It’s time to drop the “gifted and talented” label and use personalized, mastery learning to challenge all students, argues Michael Horn. A co-founder and distinguished fellow at the Clayton Christensen Institute, he is a principal consultant for Entangled Solutions.
Sixth graders work on a genetics lesson at a Seattle-area school. Photo: Mike Siegel/Seattle Times)
Bright students from disadvantaged backgrounds may not be identified as gifted, according to a Fordham report. They lose out on programs “that could accelerate their development and social and economic opportunities,” writes Horn.
The report recommends “universal screening for gifted students; identification of gifted students within each school, not just district-wide; and active efforts to counter bias,” he notes.
He proposes an alternative to labeling and sorting students: “Personalize learning for all students, such that students can move at their own pace and not grow bored or disengaged and can dive deep into areas of passion.”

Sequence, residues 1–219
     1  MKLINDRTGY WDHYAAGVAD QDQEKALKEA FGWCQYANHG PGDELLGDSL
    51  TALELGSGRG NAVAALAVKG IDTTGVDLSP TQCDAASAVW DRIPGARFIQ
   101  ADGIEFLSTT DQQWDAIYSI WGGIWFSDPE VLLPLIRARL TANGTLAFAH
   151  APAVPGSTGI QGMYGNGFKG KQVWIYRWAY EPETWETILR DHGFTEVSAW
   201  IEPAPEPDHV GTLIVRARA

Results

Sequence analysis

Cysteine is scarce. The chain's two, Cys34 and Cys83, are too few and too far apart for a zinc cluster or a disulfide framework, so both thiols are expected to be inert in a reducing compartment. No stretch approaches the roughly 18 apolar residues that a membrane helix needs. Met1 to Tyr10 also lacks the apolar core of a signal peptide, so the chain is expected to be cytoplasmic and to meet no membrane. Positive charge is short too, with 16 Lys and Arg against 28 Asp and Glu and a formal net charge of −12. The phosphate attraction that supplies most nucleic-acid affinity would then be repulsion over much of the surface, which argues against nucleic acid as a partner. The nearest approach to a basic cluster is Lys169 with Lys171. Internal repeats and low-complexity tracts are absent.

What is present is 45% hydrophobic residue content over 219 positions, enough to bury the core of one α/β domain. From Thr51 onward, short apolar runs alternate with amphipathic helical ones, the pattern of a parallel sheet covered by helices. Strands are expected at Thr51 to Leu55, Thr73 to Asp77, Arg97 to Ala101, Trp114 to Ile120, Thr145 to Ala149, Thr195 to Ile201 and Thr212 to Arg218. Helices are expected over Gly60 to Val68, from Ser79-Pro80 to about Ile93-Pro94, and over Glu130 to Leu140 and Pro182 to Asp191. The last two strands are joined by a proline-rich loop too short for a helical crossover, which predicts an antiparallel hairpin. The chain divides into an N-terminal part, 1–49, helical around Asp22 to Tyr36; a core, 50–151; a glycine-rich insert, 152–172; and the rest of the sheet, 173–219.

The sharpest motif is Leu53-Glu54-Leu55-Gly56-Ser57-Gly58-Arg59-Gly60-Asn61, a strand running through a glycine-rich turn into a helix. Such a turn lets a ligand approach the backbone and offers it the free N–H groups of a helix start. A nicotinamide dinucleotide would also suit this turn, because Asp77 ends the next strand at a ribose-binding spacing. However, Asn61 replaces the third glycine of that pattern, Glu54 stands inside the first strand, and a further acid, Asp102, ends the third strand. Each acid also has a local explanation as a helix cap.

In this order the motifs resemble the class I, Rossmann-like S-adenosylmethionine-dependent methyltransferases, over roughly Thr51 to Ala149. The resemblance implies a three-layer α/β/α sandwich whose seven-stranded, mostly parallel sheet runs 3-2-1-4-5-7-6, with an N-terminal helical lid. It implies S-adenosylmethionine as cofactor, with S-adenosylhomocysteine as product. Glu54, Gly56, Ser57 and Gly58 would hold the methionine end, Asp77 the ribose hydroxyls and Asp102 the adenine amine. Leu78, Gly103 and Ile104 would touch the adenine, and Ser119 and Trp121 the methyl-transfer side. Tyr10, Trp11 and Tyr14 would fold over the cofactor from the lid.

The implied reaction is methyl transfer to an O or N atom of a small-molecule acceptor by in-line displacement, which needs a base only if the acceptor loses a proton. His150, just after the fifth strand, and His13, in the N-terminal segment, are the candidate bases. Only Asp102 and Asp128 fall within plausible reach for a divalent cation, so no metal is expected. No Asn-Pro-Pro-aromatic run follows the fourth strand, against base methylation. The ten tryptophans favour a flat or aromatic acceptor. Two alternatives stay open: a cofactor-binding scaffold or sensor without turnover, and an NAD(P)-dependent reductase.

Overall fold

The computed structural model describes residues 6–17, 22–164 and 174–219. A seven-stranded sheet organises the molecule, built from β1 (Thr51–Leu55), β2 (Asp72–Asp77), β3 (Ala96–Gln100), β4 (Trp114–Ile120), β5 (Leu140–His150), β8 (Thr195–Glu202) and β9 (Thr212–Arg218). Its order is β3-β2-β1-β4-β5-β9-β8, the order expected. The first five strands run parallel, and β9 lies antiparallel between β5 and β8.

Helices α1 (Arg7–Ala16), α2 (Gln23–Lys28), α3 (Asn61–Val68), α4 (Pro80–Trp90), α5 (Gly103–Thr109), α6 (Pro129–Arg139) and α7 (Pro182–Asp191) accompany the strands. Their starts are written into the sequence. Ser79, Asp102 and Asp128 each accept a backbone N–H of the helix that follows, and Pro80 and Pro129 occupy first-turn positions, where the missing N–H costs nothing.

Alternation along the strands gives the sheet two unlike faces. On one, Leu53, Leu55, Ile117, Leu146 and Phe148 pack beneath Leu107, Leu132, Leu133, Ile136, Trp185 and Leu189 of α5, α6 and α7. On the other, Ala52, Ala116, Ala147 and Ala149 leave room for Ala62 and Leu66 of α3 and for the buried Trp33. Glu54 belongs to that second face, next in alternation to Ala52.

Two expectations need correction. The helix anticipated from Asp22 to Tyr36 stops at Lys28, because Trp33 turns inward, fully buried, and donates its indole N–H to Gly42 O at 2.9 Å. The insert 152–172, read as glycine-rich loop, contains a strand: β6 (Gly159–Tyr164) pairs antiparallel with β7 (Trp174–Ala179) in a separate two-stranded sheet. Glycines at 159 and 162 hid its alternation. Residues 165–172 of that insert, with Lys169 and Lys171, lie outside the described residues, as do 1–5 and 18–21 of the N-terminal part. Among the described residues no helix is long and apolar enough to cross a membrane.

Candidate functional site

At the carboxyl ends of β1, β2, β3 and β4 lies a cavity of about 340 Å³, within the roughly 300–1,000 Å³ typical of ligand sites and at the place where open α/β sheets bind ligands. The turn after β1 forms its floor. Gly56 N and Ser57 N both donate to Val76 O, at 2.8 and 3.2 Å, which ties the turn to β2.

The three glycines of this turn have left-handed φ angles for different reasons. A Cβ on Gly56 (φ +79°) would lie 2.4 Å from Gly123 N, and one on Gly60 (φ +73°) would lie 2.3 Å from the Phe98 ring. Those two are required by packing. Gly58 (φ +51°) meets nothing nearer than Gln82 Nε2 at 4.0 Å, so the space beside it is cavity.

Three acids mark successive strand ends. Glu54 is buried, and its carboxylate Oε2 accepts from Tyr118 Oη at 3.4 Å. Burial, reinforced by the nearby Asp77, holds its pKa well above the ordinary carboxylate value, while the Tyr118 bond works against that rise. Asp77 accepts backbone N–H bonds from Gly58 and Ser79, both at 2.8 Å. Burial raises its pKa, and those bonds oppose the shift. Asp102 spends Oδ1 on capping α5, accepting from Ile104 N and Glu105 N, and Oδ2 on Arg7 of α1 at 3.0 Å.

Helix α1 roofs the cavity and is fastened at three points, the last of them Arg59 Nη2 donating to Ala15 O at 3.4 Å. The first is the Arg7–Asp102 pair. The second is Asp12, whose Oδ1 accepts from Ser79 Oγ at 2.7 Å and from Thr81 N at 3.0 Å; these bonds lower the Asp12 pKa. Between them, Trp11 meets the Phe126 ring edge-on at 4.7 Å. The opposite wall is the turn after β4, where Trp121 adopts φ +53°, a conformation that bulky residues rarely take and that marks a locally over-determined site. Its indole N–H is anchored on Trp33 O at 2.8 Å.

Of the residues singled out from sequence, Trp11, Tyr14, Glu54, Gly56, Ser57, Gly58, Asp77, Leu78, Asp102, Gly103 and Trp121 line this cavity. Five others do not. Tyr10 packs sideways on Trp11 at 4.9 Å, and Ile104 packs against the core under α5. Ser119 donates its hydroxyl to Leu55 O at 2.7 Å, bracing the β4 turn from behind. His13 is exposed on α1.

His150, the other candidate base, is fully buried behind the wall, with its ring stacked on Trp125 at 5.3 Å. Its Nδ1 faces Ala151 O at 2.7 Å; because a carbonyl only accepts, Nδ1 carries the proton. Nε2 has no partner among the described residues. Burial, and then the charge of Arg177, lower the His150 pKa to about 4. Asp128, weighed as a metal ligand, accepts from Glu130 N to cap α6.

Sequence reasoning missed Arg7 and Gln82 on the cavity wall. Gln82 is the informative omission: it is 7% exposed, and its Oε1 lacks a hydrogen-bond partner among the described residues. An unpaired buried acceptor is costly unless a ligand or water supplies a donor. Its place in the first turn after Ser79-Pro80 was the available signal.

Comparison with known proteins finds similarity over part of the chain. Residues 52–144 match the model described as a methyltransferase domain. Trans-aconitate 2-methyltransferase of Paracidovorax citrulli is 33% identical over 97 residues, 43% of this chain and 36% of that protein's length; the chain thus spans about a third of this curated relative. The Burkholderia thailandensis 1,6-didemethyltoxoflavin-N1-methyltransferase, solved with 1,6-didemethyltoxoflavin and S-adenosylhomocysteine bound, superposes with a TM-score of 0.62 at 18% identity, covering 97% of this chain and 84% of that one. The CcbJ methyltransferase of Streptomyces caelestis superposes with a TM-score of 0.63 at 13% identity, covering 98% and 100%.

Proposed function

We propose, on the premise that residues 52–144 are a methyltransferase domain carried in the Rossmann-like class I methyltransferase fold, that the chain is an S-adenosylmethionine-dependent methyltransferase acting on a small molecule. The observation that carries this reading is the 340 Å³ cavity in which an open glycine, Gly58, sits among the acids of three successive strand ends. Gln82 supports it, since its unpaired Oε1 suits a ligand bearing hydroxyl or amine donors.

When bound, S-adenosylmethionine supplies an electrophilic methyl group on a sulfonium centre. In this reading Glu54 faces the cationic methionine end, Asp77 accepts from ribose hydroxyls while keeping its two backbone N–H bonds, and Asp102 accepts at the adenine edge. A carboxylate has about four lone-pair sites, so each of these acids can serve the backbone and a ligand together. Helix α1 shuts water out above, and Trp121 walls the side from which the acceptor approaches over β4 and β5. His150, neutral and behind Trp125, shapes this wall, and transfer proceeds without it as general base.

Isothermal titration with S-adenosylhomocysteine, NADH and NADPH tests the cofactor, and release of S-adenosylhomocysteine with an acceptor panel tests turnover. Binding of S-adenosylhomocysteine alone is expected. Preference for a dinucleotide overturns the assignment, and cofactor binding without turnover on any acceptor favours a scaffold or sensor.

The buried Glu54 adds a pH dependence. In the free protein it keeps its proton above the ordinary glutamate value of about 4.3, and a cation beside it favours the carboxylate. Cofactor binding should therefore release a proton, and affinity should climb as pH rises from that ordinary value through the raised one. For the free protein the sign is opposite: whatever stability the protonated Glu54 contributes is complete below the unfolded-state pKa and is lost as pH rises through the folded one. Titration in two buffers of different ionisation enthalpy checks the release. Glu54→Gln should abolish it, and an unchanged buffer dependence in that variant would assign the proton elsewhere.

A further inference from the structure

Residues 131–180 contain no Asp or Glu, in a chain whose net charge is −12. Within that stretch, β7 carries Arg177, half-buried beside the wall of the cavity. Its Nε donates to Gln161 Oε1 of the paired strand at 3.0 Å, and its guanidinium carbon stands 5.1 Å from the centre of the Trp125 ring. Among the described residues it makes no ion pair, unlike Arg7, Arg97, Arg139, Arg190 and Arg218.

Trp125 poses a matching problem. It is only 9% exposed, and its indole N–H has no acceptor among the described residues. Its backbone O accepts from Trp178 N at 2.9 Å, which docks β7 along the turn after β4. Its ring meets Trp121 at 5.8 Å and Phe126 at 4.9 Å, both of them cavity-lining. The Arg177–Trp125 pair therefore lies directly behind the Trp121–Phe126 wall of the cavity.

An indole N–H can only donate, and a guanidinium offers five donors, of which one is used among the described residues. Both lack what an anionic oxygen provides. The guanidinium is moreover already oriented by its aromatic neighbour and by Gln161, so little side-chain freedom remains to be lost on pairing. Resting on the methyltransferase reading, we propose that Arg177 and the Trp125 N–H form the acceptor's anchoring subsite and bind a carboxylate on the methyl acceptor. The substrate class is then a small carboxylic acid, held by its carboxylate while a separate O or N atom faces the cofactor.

He cites a fifth-grade boy (at my nephew and niece’s old school) who struggled with math. In some schools, “Jack” would have been placed in the bottom math group. He would have waited to take algebra till ninth grade, limiting his access to a math-centric major and career.
But Jack’s story took a less familiar turn. His school transformed his class into a “blended-learning” environment to personalize the learning. After 70 days of using Khan Academy’s online math tutorials and exercises for a portion of his math three to four days a week, rather than remaining tracked in the bottom math group, Jack rose to become one of the top four students in his class.
Horn isn’t saying that every student is gifted. But he argues that advancing students when they show mastery makes it possible to give all students “the stretch opportunities they need to soar.”
Chinese-American parents are angry about changes in admissions to gifted and talented programs in Montgomery County, Maryland, reports Kenny Xu in Daily Signal.